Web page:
Proposed changes to the universal social charge (USC) would disproportionately favour higher earners and could be “profoundly unfair” on lower-income workers, a new study said on Monday.
According to Social Justice Ireland (SJI), changing the income taxation system through the elimination of the first three rates of the USC "is an expensive and unfair policy path".
“Some tax proposals currently being considered by Government should be rejected because they would give far greater benefit to people earning higher incomes than to lower-income employees” said SJI director Seán Healy, who argued that the impact of some of the proposals could be “profoundly unfair” on lower income workers..
The study considers the impact of the following changes to the USC:
The elimination of the current 1 per cent USC rate – that applies to income below €12,012 (full-year cost: €247 million);
The elimination of the current 3 per cent USC rate – that applies to income between €12,012 and €18,668 (full-year cost: €471 million);
The elimination of the current 5.5 per cent USC rate – that applies to income between €18,668 and €70,044 (full-year cost: €2,024 million)
According to SJI, the total cost of these changes would be €2,742 million in a full tax year – or almost 14 per cent of the expected income taxation yield in 2016. But the gains, it says, are “ heavily skewed” towards those on the highest incomes.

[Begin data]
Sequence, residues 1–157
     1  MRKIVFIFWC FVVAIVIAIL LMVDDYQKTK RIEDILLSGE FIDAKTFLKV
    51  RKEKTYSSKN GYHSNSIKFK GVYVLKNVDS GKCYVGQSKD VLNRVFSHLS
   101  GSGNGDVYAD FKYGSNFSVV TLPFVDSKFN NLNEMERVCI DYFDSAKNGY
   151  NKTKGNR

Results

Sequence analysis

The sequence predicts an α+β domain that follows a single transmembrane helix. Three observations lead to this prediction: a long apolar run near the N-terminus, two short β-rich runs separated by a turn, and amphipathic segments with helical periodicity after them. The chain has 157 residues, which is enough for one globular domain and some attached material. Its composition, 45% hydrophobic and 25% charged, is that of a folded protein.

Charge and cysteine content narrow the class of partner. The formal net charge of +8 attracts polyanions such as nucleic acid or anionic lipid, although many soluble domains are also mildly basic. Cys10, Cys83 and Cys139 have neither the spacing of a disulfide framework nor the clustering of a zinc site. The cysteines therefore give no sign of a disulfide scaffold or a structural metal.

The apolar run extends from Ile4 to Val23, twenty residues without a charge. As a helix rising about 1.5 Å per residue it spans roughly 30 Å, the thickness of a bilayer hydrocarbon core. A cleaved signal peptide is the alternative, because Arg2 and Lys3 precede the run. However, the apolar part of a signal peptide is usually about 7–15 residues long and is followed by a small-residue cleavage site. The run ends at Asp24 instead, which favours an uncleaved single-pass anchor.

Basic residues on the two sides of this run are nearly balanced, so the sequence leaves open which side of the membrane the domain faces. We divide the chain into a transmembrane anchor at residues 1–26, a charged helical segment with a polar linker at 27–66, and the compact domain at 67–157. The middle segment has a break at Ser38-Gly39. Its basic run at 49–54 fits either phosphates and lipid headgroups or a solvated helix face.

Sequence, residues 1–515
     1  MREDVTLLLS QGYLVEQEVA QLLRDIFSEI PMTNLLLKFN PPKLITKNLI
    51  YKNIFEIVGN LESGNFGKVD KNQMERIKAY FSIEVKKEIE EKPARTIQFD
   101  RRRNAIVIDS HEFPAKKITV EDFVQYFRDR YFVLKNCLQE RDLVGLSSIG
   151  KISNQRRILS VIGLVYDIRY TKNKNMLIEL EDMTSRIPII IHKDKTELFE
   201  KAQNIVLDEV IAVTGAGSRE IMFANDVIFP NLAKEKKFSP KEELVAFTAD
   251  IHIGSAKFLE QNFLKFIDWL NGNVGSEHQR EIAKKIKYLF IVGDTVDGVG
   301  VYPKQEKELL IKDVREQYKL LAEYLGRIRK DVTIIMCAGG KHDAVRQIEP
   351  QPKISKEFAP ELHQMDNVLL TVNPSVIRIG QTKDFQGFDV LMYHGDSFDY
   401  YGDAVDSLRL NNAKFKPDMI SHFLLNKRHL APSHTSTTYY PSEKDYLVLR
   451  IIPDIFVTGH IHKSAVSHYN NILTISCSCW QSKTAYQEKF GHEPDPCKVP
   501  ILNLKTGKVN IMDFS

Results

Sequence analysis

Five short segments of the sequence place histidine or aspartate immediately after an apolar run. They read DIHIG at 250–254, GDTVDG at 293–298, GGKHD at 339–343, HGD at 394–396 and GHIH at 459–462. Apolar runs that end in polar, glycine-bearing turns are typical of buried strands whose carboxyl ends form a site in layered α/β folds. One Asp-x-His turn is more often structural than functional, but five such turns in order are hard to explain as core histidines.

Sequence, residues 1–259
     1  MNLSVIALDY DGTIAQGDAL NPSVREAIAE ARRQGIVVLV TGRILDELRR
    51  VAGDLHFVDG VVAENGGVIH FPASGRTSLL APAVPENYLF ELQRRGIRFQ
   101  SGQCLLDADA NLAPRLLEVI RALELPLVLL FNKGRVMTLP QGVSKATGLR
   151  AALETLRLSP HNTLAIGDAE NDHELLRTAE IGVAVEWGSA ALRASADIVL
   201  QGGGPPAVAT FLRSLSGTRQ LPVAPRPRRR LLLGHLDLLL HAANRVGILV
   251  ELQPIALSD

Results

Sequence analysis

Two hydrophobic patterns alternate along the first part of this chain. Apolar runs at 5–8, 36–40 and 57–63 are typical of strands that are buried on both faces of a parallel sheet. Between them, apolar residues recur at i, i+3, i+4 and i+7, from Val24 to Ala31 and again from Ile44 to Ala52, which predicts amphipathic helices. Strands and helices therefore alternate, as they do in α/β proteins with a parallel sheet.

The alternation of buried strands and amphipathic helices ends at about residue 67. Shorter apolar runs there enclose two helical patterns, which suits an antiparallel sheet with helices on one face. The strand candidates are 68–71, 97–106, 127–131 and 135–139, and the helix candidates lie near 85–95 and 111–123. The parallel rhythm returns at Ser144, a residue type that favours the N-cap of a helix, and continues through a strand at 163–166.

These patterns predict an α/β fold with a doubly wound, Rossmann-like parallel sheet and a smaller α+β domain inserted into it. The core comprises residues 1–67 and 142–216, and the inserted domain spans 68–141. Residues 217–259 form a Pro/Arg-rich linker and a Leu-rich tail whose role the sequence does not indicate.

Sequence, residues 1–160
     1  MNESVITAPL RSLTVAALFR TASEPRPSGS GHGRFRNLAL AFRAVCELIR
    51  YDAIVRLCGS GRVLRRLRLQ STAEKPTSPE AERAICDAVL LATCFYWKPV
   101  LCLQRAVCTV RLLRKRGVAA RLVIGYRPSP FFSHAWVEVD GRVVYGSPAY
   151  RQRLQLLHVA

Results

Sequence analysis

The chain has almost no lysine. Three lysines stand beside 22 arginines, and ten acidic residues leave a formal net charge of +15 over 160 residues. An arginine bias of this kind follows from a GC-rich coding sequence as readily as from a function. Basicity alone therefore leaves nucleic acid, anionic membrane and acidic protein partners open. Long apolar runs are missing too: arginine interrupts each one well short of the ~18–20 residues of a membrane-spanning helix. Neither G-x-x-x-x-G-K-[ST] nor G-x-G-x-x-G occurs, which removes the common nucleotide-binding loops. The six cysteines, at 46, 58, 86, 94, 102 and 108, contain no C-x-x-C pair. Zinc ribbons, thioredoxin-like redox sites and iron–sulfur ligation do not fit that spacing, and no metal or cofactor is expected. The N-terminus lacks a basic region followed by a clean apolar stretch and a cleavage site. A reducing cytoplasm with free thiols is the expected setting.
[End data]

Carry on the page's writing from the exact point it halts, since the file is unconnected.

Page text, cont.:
For example, a single worker earning above €70,044 would gain €3,145 a year, more than 4.5 times the gains for a worker on €25,000. Similarly, couples with two incomes totalling €125,000 would gain more than €4,000 a year, almost three times the amount that goes to a similar middle-income couple on €50,000.
However, while cuts to USC have been signalled, Minister for Finance Michael Noonan previously said: "We want everyone on an income to gain from this. But we want the gains to be proportionate."
The elimination of the PAYE credit – worth €1,650 a year – for those on higher incomes is seen as one of the key ways to take back some of the gains from the better off.